Thursday, 29 January 2015



"When your time comes to die, be not like those whose hearts are filled with fear of death, so that when their time comes they weep and pray for a little more time to live their lives over again in a different way. Sing your death song, and die like a hero going home."

It was January 29th around three o’ clock when Marty and Richard went back to the house to check on things.  They had been out of the house for a full twenty-four hours, just the two of them.  Marty had asked Jimmy if he wanted to come along when they had left, told him that it was best to get out of the house, but he had insisted he stay, opting to sleep in the game room.  He told Marty he would likely leave in a day or two.  Richard had gathered up a few things in the duffel-bag that was once Ivan’s; some clothes, a tiny box of tea-bags, tea biscuits and some granola bars, placing everything on top of half of their money stash.

Their first destination had been the Coffee Time at the place where Dundas Street West split northward, ran under a bridge and became Dupont Street.  This was the Junction Triangle, the eastern-most part of the greater Junction area where more of the old industry stood.  There were open lots of gravel and cracked up cement, most likely the future site of condo development.  The street seemed to alternate between houses, abandoned houses, and stores with apartments on top.  Every few dozen feet there were also shelter homes and tire yards.  Dundas West Station was just a ten to fifteen minute walk eastward.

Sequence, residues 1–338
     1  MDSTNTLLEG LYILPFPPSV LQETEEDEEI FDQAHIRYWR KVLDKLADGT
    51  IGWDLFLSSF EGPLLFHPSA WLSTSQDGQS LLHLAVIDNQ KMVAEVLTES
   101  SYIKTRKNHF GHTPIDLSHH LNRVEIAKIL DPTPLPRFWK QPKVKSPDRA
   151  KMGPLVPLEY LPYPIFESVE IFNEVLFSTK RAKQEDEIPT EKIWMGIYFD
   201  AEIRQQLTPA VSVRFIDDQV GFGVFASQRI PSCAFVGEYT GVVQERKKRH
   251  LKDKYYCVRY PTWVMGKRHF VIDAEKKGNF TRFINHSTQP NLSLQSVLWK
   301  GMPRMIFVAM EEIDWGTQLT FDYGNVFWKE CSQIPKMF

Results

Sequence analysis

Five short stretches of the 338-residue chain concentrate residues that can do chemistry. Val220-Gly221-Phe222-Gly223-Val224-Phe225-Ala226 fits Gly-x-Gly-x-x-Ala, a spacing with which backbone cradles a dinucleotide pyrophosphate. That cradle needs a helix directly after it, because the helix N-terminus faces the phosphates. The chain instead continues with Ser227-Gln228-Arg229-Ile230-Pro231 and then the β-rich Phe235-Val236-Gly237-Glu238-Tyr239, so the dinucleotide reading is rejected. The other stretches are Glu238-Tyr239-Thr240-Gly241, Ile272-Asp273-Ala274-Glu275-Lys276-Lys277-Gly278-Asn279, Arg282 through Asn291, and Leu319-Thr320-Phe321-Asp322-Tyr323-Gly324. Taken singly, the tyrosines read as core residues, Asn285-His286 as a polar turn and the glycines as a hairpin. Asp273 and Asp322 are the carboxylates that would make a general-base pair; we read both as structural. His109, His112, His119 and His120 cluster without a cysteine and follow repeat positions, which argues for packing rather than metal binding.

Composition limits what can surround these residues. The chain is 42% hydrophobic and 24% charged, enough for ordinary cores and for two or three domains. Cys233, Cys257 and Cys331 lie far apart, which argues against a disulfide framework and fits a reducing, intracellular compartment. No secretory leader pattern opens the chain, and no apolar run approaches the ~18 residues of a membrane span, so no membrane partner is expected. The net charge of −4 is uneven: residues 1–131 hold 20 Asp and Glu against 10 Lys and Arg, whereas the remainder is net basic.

“So are we going back or not?” Marty asked once they were seated in front of two steamy cups of black coffee.  An all-nighter had been suggested on their quick walk through the Junction’s back alleys and Vine Avenue.

Richard scratched his chin and then blew on his cup. “Why go back?  We got everything we need here.”  He pointed his eyes first at the duffel bag on the chair to his right and then to Marty’s knapsack across from it.

“I left my laptop there,” Marty sighed in reply. “I just remembered, damn; at least they don’t have my desktop password so I guess they can’t get it, but still.  It could end up as evidence should the cops every get their hands on it.”

Richard quickly brought a finger to his lips, looking about the coffee shop apprehensively.  There was the small man behind the counter who was on the phone arguing in another language, and two other people at the far end of the shop at a different table.  The whole room was bathed in a golden glow that came from the sun that dipped behind the three story buildings west of them towards Keele and Dundas.

“Yeah, okay,” Marty said, dropping his tone. “But maybe we should go back; at least I can go back.”

“There is an alley beside the two houses behind us, the ones that face the other street, the one with the synagogue?  We can sneak in through the space between the last two houses and then hop their fence into their yard and then hop into ours.”

“Isn’t that illegal?”

Richard scoffed.  Marty got the message.

“Feels like shit though,” he added. “Running now after all this.  I guess I knew we couldn’t stay there forever.”

“Yeah,” agreed Richard. “It’s amazing though; no one came, no one suspected a thing except these two blokes.”

“Who do you think they are?” Marty asked, bringing down the volume of his voice. “What was Ivan’s deal anyway?  We found all these antiques in the house, plus lots of other useless stuff.  What is it, some business with material, or counter-fitting?”